Roy Halladay pitching
Former Phillies pitcher Roy Halladay died Tuesday at the age of 40. Getty Images

Former Major League Baseball pitcher Roy Halladay was flying within 75 feet of houses and his aircraft made a sharp dive before crashing into the Gulf of Mexico earlier this month, killing the retired baseball star, a report published Monday by the National Transportation Safety Board (NTSB) said.

The report detailed the 17-minute flight on Nov. 7 that ended with Halladay's light sport aircraft crashing into the water.

Data recovered via GPS showed Halladay's ICON A5 plane, a two-seat amphibious aircraft with foldable wings that allows it to be towed on roadways, was climbing and diving before the crash.

The report, however, did not mention what caused the crash, and said a final report with conclusions could take one to two years

Halladay took off from a lake near his home in Odessa and climbed to an altitude of 1,909 feet, the report said. The last data collected by the flight recorder put the plane at an altitude of 200 feet flying south at 87 knots.

A video recorded showed the 40-year-old alternating between flying high and coming close to the water before the “high-energy impact” of his special-edition amphibious plane.

An unidentified witness told an NTSB investigator he saw the plane climb to between 300 and 500 feet above the water before entering into a 45-degree nose-down dive toward the water.

The NTSB report also said that rescuers found the plane upside down in about 4.5 feet of water, with its fuselage and cockpit heavily damaged, and the tail ripped off.

"Just as he was known for his work ethic in baseball, [Roy] was also widely respected by those who knew him in the aviation community for his hard work, attention to detail and dedication to safety while flying," Halladay's family said in a statement after the crash.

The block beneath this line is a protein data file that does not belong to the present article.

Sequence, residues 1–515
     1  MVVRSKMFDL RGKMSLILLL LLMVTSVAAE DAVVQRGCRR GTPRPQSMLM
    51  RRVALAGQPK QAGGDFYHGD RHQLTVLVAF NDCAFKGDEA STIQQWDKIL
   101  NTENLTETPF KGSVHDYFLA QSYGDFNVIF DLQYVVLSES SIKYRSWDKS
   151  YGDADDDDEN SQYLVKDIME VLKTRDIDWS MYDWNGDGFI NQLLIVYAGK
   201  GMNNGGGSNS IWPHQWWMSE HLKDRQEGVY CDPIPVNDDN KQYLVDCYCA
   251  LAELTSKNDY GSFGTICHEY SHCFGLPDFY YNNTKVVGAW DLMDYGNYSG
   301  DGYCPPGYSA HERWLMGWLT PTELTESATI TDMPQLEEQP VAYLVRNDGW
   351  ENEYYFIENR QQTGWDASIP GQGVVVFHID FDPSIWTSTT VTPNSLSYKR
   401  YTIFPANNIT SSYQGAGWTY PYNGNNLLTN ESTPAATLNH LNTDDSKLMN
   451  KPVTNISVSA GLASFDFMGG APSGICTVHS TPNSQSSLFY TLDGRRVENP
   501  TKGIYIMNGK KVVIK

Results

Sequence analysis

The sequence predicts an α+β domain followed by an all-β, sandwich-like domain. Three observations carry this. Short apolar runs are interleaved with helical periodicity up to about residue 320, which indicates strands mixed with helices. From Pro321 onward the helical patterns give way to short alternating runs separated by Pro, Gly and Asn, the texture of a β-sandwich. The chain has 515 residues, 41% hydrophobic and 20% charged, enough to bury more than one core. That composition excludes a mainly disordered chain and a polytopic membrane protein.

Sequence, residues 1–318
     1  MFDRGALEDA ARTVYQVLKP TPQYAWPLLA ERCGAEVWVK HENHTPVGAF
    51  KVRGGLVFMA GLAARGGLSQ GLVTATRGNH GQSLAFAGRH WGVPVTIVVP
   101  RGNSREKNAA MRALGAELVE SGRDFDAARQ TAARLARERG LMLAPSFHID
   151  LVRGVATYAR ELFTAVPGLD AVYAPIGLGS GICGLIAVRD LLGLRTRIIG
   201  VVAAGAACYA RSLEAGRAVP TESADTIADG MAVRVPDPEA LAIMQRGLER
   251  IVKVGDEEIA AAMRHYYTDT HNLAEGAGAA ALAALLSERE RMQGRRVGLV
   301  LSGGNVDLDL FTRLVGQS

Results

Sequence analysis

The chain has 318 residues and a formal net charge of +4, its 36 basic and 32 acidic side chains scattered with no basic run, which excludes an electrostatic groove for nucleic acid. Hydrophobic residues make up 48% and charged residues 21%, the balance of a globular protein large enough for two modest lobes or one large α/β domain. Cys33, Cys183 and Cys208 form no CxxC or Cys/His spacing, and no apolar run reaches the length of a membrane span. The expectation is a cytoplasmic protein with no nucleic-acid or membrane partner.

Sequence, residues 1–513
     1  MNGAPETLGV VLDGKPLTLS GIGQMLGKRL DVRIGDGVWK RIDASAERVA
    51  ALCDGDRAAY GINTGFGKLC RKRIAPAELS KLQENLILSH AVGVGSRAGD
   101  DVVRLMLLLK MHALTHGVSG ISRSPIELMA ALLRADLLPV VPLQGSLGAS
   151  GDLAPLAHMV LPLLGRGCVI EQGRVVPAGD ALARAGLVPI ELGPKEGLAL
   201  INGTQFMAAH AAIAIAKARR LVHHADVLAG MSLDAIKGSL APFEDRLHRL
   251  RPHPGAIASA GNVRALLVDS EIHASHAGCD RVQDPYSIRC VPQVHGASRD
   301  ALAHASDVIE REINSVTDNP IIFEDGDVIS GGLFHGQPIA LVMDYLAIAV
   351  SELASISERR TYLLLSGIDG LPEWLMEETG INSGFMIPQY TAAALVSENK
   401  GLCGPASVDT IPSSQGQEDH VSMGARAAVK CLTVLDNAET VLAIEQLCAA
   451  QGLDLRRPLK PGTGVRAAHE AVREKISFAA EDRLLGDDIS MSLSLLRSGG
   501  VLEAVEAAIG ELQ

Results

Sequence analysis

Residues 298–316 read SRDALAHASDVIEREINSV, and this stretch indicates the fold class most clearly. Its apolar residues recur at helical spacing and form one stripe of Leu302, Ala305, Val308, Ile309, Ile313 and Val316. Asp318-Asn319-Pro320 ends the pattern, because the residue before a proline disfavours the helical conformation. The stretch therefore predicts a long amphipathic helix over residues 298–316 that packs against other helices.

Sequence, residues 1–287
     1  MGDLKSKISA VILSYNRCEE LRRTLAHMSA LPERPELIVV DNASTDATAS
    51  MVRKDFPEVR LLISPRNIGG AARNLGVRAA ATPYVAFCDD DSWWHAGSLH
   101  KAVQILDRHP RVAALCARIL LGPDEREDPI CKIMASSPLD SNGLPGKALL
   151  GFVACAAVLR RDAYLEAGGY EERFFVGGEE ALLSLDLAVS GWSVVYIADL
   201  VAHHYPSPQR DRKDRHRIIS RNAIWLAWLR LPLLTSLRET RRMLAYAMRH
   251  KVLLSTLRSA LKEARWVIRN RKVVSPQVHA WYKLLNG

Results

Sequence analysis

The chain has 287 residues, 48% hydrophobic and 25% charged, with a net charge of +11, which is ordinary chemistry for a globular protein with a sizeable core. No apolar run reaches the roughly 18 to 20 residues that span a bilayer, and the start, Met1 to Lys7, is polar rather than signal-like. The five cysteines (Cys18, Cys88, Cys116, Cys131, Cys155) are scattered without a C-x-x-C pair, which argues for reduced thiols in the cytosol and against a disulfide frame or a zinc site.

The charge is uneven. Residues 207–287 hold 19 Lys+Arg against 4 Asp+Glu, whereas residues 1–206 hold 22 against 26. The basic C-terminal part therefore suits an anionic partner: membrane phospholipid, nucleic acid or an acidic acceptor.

Halladay received the plane from ICON on Oct. 10 and was one of the first to receive the model.

The NTSB’s preliminary report said Halladay became a certified pilot in 2013 and had logged about 700 hours in flight, including 14.5 hours in the plane that crashed.

Read full text of NTSB report below:

This is preliminary information, subject to change, and may contain errors. Any errors in this report will be corrected when the final report has been completed. NTSB investigators either traveled in support of this investigation or conducted a significant amount of investigative work without any travel, and used data obtained from various sources to prepare this aircraft accident report.

On November 7, 2017, about 1204 eastern standard time, an amphibious, light sport Icon Aircraft, Inc., A5 airplane, N922BA, impacted open water in the Gulf of Mexico while maneuvering at low level near New Port Richey, Florida. The private pilot sustained fatal injuries, and the airplane was substantially damaged. The airplane was registered to N529PG LLC, and operated by the pilot as a 14 Code of Federal Regulations Part 91 visual flight rules personal flight. Visual meteorological conditions prevailed at the time of the accident, and no flight plan was filed. The local area flight departed from a lake near the pilot's home in Odessa, Florida, about 1147.